Senate Democrats Want Their Colleagues to Condemn ‘Conversion Therapy’

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Senate Democrats Want Their Colleagues to Condemn ‘Conversion Therapy’

Martha Kempner

Sens. Cory Booker (D-NJ) and Sherrod Brown (D-OH) introduced a resolution last week condemning conversion therapy and urging states to make it illegal to subject minors to such “treatment.”

Sens. Cory Booker (D-NJ) and Sherrod Brown (D-OH) introduced a resolution last week condemning “conversion therapy” and urging states to make it illegal to subject minors to such “treatment.”

So-called conversion therapy, also known as reparative therapy, is designed to change a person’s sexual orientation or gender identity. All major medical organizations oppose the practice, a number of states—including Booker’s home state of New Jersey—have passed legislation banning the practice for minors, and the White House recently came out against it.

The resolution, which does not yet have any Republican support, aims to put the Senate’s disapproval of the practice on record and bolster state efforts to ban the deeply controversial therapy.

All 23 current co-sponsors caucus with Senate Democrats.

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Entitled, “Stop Harming Our Kids Resolution of 2015,” the resolution notes that “conversion therapy” is rooted in the false notion that those who are lesbian, gay, bisexual, or transgender are suffering from a mental illness and need to be cured. It says “the development of all children and adolescents into healthy and productive adults is a priority of the United States and ending prejudice and injustice based on sexual orientation and gender nonconformity is a human rights issue.”

“Conversion therapy” runs counter to this goal.

“All people, regardless of their sexual orientation or gender identity, deserve to be treated with compassion and respect,” Booker said in a statement. “This resolution seeks to unite members of the Senate around the idea that this shameful practice has no place in our society.”

Conversion therapy became popular in the 1970s and ’80s after mainstream mental health organizations declared that homosexuality was not a mental illness and instead of attempting to change a patient’s sexual orientation, therapists should help them understand it and cope in a sometimes unfriendly society, as Rewire has reported.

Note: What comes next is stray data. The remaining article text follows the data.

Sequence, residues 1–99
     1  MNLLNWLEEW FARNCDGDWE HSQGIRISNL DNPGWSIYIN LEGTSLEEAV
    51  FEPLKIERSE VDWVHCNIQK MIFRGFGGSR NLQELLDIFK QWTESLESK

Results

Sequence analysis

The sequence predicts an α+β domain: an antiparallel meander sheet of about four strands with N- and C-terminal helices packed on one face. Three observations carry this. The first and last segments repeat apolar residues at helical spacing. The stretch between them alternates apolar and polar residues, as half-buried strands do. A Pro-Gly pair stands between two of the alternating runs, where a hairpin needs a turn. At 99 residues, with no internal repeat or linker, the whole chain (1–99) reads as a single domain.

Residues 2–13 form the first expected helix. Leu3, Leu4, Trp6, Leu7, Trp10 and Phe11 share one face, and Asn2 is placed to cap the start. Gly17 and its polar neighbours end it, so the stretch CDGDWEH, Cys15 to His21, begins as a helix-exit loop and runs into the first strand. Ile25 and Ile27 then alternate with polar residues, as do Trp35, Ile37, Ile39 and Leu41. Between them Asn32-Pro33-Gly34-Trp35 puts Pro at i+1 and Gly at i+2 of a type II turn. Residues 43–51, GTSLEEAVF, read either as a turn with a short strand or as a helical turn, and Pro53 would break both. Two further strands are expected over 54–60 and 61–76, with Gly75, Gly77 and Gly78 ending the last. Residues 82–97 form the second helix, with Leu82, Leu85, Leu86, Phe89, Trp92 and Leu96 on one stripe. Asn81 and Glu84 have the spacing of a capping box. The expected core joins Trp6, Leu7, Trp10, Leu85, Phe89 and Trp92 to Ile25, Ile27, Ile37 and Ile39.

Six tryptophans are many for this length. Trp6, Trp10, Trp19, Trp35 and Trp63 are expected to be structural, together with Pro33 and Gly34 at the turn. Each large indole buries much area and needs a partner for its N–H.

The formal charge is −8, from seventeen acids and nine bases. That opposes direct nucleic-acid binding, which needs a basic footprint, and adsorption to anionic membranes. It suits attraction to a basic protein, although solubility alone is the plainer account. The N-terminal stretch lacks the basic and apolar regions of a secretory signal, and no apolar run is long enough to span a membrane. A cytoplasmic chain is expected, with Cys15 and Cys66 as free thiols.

Some therapists continued practices designed to change sexual orientation and a number of religious organizations started ministries dedicated to reparative therapy. The programs varied from independent bible study to aversion therapy, which involved administering electric shocks every time a patient became aroused by gay pornography.

“Practitioners often use shame, rejection, and psychological abuse. … Those that experience this traumatizing practice often become depressed and experience low self-esteem,” Booker and Brown said in a joint statement. “In some cases these individuals engage in substance abuse and even commit suicide.”

Many experts and lawmakers in recent years have come out against this type of therapy. The American Psychological Association in 2009 released a study that found reparative therapy to be ineffectual and potentially harmful.

Most major medical organizations, including the American Medical Association, the American Psychiatric Association, and the American Academy of Pediatrics, agree and have announced opposition to the practice.

California, New Jersey, Oregon, and the District of Columbia have passed laws banning the practice for minors, even with parental permission. Anti-conversion therapy laws in New Jersey and California were challenged in court and both were found to be constitutional. The U.S. Supreme Court refused to hear the case against either law, leaving the laws in place.

The White House in April posted a letter to its website condemning the practice and encouraging states to enact similar bans. White House advisor Valerie Jarrett noted that such laws are sometimes dedicated to Leelah Alcorn, a transgender teen who killed herself after a therapist tried to make her identify as a boy.

“It’s tragic, but I will tell you, unfortunately, she has lots of company,” Jarrett told the New York Times. “It’s not the story of one young person, it’s the story of countless young people who have been subjected to this.”